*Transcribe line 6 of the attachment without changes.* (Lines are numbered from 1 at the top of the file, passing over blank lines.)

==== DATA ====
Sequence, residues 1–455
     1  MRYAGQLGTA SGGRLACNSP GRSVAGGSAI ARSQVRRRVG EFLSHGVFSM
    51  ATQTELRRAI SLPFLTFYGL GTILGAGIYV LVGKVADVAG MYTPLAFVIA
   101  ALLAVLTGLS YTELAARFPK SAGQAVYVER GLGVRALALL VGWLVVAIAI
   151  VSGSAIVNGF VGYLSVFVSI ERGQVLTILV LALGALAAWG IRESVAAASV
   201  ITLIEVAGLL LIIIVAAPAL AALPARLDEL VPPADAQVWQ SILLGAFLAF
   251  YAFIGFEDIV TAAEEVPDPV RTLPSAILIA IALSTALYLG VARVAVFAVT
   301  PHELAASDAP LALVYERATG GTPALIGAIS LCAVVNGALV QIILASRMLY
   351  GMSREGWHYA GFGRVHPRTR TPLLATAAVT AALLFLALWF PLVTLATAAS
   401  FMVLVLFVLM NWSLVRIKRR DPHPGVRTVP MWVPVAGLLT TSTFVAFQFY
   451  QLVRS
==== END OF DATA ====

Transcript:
   201  ITLIEVAGLL LIIIVAAPAL AALPARLDEL VPPADAQVWQ SILLGAFLAF